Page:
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Minnesota Cabin Planning Logo

With a little planning, you can keep your cabin in the family, without fighting!

Cabin Planning Coaching

Need some help navigating the conversation around making the cabin plan? We can help facilitate a respectful and productive discussion with the whole family.

Cabin Plan Drafting

We can put your wishes for the cabin into a legally-binding plan that can be used for generations to come.

Consultation & Coaching

We can provide the support and information you need even before you decide which cabin plan is best for your family. See our options below for more information.

Cabin Co-Ownership Agreements

A Cabin Co-Ownership Agreement is a contract among all the owners of the cabin, establishing the rules governing the cabin. Like the Operating Agreement in a Cabin LLC, the Cabin Co-Ownership Agreement can be changed by the parties to the agreement (or the people next in line), so the terms that are worked out now may be changed in the future.

Cabin LLC

A Cabin LLC is a business entity registered with the state that is formed for the sole purpose of managing the cabin property. The family members are each owners of a portion of the Cabin LLC, and the rules governing the cabin are detailed in the Cabin LLC’s Operating Agreement. Family members with voting shares can change the terms of the Operating Agreement, so the rules you establish now may or may not last after you’re gone. Don’t let the name fool you – you can set up a Cabin LLC even if you are the sole owner of the cabin. 

Cabin Trust

A Cabin Trust is a special trust that is designed to provide for the management of the cabin for many generations to come. There are many different ways to handle a Cabin Trust, and extra benefits like estate tax planning, creditor protection, divorce protection, and self-sustainability can be built in. Cabin Trusts are the gold standard for cabin planning.

Why Cabin Planning?

The first generation that buys a cabin enjoys it to the fullest and it’s a magical place where happy memories are made and families go for some much needed respite. Unfortunately, without thoughtful planning, the chances of the cabin staying a place of happiness and tranquility into successive generations is very, very slim.

If you haven’t done the planning in advance and made it legally binding, the family members (and their ex-spouses and new spouses) will have to work every detail out for themselves. If they can’t, what is likely to happen is a lawsuit called an action for partition that forces everyone to sell their interest. This lawsuit is expensive, and the costs of litigation will come out of the proceeds of the sale of the cabin, so to add insult to injury to those who wanted to keep the cabin but couldn’t afford to buy the others out, they are footing part of the legal bills in the lawsuit against them. Ouch! It’s no wonder that family members stop speaking for years after the cabin conflict is “resolved.”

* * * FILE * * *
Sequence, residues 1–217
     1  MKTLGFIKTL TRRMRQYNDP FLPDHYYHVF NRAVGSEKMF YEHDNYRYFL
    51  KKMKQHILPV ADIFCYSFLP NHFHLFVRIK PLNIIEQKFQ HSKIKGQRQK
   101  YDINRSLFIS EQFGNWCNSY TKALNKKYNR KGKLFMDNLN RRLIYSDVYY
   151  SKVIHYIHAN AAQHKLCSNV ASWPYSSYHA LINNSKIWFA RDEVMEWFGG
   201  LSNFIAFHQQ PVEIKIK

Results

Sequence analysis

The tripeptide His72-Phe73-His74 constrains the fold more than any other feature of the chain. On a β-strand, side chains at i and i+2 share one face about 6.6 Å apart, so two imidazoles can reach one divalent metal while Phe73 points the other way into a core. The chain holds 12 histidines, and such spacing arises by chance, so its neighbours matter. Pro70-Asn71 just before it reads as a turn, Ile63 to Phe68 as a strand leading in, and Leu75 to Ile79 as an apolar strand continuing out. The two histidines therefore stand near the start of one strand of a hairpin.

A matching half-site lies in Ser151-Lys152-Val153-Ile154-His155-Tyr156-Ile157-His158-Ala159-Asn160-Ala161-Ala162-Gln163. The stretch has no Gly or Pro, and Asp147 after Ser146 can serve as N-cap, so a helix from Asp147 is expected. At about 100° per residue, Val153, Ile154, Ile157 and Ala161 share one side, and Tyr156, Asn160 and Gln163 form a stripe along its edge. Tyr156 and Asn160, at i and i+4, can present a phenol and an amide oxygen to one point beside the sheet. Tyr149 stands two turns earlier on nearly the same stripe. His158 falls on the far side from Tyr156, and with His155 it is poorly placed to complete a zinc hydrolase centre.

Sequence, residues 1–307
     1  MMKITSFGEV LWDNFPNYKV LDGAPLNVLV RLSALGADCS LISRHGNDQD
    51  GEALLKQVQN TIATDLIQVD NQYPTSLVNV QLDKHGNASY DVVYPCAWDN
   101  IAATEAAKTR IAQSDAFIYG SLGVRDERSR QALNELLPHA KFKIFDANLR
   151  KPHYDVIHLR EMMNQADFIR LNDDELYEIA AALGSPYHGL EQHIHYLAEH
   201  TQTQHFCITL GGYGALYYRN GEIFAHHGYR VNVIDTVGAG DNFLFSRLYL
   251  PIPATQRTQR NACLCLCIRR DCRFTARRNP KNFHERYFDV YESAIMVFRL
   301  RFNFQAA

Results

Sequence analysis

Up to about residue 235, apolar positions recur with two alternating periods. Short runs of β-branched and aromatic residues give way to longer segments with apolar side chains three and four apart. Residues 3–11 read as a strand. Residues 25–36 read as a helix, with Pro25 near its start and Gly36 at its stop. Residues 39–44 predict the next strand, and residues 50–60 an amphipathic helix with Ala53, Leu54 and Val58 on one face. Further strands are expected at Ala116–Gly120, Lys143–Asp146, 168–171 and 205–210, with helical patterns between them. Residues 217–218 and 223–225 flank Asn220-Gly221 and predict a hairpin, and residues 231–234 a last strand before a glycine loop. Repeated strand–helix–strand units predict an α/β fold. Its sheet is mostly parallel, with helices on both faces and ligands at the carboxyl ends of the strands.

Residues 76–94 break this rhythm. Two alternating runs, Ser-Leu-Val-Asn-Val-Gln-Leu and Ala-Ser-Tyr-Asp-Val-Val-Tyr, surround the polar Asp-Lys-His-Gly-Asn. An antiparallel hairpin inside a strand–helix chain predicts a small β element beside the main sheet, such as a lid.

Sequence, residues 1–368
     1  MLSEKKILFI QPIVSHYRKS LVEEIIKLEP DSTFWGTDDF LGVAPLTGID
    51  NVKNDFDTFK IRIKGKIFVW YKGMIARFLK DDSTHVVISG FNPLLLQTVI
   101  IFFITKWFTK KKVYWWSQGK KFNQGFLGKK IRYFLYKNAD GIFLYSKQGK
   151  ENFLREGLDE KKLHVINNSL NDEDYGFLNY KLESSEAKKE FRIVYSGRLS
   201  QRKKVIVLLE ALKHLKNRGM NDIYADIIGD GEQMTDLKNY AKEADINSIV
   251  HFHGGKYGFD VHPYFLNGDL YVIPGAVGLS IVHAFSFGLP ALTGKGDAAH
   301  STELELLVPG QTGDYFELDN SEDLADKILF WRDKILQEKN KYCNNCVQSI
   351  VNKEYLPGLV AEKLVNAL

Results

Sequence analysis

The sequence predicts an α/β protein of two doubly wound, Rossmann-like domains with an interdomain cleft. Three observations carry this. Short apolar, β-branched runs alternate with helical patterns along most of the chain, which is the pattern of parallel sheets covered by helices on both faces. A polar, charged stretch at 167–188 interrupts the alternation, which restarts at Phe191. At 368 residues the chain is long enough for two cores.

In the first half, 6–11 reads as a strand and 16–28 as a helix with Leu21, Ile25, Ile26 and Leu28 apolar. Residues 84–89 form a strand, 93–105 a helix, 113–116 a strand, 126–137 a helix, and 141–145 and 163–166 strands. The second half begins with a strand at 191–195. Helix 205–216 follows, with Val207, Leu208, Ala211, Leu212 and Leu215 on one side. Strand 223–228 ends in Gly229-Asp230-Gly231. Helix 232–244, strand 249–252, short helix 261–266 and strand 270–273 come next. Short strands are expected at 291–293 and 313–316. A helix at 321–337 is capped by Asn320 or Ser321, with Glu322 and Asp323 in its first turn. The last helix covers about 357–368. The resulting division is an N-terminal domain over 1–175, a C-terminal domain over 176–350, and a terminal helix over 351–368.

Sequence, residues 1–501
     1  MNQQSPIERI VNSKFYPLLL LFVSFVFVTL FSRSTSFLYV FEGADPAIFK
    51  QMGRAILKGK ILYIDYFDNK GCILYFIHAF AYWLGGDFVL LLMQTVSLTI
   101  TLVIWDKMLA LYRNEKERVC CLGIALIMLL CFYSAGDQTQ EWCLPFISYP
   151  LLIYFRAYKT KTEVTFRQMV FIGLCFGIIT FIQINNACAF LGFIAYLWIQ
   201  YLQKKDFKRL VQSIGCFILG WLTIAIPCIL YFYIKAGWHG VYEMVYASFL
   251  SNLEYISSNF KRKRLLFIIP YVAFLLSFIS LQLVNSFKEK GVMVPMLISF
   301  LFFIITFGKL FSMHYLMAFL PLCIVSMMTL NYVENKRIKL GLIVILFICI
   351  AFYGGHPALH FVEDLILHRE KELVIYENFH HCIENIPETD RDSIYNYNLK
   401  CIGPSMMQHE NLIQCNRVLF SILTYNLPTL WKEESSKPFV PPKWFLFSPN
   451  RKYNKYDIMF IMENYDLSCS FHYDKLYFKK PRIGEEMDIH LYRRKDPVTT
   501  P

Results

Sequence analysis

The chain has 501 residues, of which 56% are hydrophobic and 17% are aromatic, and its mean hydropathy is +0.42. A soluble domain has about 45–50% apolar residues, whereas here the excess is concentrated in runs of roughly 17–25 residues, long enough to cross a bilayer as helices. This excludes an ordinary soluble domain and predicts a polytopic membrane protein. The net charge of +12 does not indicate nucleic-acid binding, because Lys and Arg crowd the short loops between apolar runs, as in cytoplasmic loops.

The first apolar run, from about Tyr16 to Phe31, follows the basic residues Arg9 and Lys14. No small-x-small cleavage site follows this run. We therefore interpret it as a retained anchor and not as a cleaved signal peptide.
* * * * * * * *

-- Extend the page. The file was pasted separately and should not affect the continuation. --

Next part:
You can’t make family relationships perfect, but you can take away much of the fuel for the family conflict fire. That’s what cabin planning does, and it has the nice side effect of giving you peace of mind now. 

Who Is Cabin Planning For?

Cabin planning is right for you if you don’t want your kids or grandkids to:

  • fight over who gets to use the cabin, and when
  • fight over who should pay for taxes, maintenance, and expenses
  • fight over who gets to decide about decor and amenities
  • sell the cabin when some of them still want to use it
  • have the cabin be a source of resentment and hard feelings
  • stop speaking to each other because of conflict over the cabin

What is the process like?

While every family has a different cabin plan (since every family is different), almost every family goes through the same process. Some move fast and some move more slowly, but everyone goes through the steps outlined to the right.

1. Talk to your family about the idea of cabin planning.

Sometimes cabin owners have the idea that their kids or grandkids would want the cabin because they’ve really enjoyed the family time they’ve spent there. While the great times are undeniable, the fact is that not everyone wants the responsibility of cabin ownership (and maintenance!) and cabin ownership doesn’t fit in everyone’s lifestyles. Before you go too far down the planning path, it’s a good idea to check in and make sure that your efforts will be welcomed and appreciated.

2. Have a consultation to explore your options and get your initial questions answered.

A consultation can go a long way to helping you figure out if cabin planning is right for you, and if it is, which type of plan best suits your goals and situation. 

3. Work out the detailed minutiae of your plan.

There isn’t a one-size fits all cabin plan. Each plan is unique as every family is unique. The answers to the important questions – the one’s that make your plan work seamlessly in your unique family – all come from you. Whether you work with us to facilitate the conversations that lead to those answers or you work it out on your own, the choices you make become the foundation of your cabin plan.